Josei manga

Josei manga (女性漫画, lit. comics for women, pronounced [dʑoseː]) are Japanese comics aimed at women in their late teens on into adulthood. Josei manga are distinguished from "shōjo manga" (少女漫画) for younger girls on the one hand, and "ladies comics" (レディースコミックス redīsu komikkusu) or "LadyComi" (レディコミ redikomi), which tend to have erotic content on the other.[1] Readers can range in age from 15 to 44.[2] In Japanese, the word josei means simply "woman", "female", "feminine", "womanhood", and has no manga-related connotations at all.[3][4]

Josei comics can portray realistic romance, as opposed to the mostly idealized romance of shōjo manga, but it does not always have to be. Josei tends to be both more sexually explicit and contain more mature storytelling, although that is not always true either. It is also not unusual for themes such as infidelity and rape to occur in josei manga targeted specifically more towards mature audiences. Some other famously popular josei series include Yun Kouga's Loveless, Ai Yazawa's Paradise Kiss, and the award-winning works of Erica Sakurazawa.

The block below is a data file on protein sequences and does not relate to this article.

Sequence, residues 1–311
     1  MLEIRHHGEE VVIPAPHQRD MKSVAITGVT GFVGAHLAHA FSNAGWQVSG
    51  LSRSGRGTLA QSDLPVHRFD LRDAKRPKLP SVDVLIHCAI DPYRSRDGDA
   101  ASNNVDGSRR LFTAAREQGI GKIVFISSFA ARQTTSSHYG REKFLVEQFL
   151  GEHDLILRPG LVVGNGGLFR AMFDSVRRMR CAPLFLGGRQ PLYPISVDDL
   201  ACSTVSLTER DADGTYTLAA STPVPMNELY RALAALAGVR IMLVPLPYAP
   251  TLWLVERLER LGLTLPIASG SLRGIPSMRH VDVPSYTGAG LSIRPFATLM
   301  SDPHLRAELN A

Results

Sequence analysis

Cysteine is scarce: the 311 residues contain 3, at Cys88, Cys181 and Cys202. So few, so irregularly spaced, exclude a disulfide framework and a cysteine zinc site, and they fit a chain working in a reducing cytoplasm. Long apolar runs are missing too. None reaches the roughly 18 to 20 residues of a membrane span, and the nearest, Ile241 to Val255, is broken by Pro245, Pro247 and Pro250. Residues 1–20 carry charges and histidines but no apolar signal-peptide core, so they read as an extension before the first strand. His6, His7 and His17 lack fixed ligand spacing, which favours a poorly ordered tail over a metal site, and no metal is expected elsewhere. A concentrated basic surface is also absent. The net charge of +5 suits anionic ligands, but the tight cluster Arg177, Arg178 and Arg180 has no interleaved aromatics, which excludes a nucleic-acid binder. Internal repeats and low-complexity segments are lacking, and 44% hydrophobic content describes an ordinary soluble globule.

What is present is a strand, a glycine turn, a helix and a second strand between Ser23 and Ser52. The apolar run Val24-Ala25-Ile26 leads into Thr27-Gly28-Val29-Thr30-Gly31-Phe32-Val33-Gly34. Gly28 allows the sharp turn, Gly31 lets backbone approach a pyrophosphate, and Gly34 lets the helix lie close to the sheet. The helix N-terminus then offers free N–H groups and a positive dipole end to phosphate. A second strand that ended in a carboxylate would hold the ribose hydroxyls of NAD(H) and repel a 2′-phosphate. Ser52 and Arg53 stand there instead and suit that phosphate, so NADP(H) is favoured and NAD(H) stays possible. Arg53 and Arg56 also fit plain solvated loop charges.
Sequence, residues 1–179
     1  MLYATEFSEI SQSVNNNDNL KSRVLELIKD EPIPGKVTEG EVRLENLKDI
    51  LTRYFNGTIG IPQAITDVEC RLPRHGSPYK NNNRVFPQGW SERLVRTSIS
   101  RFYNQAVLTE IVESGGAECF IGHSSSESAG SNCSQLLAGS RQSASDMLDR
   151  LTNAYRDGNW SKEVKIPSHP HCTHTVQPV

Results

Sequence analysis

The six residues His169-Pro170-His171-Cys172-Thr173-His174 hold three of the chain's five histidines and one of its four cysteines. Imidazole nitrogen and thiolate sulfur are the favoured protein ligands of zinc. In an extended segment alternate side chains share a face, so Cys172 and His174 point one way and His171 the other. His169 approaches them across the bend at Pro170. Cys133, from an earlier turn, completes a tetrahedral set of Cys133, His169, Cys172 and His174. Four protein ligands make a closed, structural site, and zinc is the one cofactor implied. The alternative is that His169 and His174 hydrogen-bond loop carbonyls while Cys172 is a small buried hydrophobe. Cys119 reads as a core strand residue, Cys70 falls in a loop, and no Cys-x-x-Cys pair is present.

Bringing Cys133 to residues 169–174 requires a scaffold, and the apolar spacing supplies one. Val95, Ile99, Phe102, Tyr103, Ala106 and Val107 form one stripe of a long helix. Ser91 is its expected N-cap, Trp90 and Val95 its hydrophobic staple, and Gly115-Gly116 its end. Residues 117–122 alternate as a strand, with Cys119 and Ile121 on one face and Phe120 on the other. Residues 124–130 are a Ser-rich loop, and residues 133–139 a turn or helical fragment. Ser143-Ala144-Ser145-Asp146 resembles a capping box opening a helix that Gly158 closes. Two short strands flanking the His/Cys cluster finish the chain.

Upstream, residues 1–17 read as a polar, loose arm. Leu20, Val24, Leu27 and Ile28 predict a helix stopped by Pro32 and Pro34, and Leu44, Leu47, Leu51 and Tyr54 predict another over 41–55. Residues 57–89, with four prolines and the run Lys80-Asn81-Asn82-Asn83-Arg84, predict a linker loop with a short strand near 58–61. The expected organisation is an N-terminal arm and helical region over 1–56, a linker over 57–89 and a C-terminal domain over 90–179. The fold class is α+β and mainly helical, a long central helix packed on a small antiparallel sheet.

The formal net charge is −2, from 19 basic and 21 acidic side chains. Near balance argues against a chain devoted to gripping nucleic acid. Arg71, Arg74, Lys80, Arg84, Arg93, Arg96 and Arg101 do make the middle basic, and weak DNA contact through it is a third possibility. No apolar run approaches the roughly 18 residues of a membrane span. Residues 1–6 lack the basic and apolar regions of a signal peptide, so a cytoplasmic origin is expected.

Josei, being targeted to older audience, often differs in style and tone from shōjo manga, which is aimed at younger girls. For example, in recent years, the most popular josei series have featured male protagonists and a main cast of nearly all men[5] and the male characters of a josei series are often quite compassionate toward other men. Although some josei manga can feature plots and characters influenced by shōjo, others feature action-packed stories, and lack the romantic and slice of life elements typical of shōjo.[6]

The josei series that become anime are often noted (and criticized) for their tendency to feature homoerotic themes, often because of a large misinterpretation of the demographic origin. It has come to a point where it is sometimes mistaken for shōnen when adapted to an anime. Series such as 07-Ghost, Hakkenden: Eight Dogs of the East, or (most recently) Karneval are josei series that seem to attract a large amount of discussion from audience members that are unaware of the meaning of a josei status.[7][8][9]